Positive developments: working on the t-shirt quilt and I got my flu shot. I went to the dentist and my teeth are fine. Now I need to go to the doctor to get my blood panel and see if there is something else responsible for my constant fatigue. I drove to Raleigh two weeks ago and got together with members of Triangle Book Arts. I haven’t managed to get to Gate City Yarns for their stitch and bitch night because Friday nights, oof. That’s a tough one for me even though it is close by. I had brunch with some friends at Lucky 32 last Sunday and that was good. I often feel quite lonely for friends, especially now that the Fabulous Zha K has fled North Carolina, and good for her, I have to say. I plan to do so at age 62, not even five years away. We might even end up in the same state again. However, much of my loneliness is chosen. I feel a strong urge to be alone most of the time. People exhaust me, even people I love.

I have a stack of books that was turning out to be quite depressing. So Little Bee went back into the stack and I’m reading The Risk Pool by Richard Russo. I just finished The Probable Future by Alice Hoffman, Hotel Du Lac by Anita Brookner and The Brief Wondrous Life of Oscar Wao by Junot Diaz. I miss my Poldark saga!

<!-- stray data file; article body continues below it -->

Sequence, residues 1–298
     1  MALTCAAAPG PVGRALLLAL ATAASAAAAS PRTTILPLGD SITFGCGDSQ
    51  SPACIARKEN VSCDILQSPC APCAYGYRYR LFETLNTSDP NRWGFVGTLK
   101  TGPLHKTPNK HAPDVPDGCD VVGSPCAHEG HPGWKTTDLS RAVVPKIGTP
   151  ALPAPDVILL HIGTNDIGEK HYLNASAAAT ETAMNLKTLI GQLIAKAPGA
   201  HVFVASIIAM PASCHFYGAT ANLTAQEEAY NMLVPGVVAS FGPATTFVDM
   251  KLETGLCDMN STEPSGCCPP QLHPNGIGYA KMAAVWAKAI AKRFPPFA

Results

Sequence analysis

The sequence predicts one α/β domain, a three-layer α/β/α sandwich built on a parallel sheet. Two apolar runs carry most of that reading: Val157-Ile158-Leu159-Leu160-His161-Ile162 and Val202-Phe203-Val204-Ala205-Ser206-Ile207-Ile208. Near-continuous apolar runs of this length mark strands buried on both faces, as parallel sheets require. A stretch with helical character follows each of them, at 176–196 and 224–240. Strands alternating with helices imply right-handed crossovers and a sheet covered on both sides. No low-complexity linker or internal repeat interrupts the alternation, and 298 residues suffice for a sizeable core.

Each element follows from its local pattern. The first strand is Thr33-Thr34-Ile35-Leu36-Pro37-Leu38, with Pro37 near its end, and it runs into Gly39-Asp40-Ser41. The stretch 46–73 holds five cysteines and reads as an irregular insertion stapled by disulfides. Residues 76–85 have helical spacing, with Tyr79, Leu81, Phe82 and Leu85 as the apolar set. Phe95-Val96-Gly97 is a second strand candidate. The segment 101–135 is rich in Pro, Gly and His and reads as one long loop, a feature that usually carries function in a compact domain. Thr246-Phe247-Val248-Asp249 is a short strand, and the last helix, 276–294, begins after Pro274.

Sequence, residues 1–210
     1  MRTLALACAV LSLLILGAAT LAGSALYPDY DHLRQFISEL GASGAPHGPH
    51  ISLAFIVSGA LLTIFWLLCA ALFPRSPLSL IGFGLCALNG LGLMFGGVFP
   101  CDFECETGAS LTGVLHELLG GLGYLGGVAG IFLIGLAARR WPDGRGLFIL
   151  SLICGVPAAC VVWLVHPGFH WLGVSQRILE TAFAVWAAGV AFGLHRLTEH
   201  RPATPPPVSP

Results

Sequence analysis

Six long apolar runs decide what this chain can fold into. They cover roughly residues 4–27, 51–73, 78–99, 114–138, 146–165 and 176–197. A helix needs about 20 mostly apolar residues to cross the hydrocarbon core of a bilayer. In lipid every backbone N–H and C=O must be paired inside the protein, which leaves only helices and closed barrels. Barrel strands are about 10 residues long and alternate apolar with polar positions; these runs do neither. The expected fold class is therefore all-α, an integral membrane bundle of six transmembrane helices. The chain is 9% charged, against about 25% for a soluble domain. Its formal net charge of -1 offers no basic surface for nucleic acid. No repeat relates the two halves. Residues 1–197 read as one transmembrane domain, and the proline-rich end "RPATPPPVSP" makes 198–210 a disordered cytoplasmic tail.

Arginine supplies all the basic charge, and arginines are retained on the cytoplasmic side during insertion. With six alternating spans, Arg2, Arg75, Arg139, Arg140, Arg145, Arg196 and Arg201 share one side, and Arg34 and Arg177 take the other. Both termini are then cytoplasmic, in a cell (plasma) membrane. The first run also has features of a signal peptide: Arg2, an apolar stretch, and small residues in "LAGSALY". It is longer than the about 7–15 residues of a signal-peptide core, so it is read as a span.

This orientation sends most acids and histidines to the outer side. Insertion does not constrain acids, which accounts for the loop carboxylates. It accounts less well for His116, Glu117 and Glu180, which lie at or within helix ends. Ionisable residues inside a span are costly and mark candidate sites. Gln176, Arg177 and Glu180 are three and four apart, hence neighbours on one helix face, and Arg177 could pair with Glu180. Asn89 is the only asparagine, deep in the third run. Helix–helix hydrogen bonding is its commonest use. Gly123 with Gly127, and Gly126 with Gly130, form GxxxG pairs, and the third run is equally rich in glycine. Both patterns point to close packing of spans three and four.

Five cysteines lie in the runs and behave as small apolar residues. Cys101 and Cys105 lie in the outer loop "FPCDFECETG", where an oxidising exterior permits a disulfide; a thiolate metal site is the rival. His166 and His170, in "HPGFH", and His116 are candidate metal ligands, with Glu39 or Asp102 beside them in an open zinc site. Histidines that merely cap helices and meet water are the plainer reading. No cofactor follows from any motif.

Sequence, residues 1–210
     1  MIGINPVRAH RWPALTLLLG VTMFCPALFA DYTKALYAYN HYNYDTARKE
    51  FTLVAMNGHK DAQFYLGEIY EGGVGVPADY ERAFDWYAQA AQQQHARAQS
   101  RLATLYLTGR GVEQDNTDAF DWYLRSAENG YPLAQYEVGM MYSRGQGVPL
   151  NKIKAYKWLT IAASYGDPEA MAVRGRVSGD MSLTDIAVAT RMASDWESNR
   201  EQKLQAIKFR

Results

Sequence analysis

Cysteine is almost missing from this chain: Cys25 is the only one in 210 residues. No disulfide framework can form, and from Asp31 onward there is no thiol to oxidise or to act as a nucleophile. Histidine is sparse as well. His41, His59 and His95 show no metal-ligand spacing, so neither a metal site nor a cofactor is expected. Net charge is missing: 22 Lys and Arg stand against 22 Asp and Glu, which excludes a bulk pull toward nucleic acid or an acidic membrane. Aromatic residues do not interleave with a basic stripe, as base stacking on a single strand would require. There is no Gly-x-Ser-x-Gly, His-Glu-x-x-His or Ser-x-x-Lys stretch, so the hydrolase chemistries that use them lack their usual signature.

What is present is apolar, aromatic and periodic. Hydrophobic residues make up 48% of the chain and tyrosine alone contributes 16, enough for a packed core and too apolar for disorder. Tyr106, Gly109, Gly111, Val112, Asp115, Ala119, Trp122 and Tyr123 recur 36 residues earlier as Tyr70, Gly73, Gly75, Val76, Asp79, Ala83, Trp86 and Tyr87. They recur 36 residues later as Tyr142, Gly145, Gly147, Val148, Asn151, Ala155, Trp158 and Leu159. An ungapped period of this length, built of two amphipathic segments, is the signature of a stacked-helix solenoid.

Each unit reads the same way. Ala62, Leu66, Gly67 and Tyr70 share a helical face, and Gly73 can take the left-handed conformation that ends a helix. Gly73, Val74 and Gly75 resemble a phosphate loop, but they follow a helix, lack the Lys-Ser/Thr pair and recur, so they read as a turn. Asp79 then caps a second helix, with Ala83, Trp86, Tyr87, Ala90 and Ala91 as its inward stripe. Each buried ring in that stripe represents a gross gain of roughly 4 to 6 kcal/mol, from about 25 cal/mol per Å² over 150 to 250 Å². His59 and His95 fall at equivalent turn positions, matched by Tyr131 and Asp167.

The electrician did a site visit and we have rolled the electrical work needed into the solar panel financing. Hopefully by this time next year we will get most of, if not all of, our electricity from the sun and just pay Duke Energy the meter fee. It’s kind of crazy since I am now fixated on leaving North Carolina, but it is a good investment for the house and my soul.

Now planning a trip to northern New Mexico in May with the Sandman, where we could possibly be joined by my cousin and her husband. We’ll scope it out to see if that might be a good place for retirement for us. I love planning trips!

Back Forty, coffee pot posts, critters, fiber art, Quilting, Reading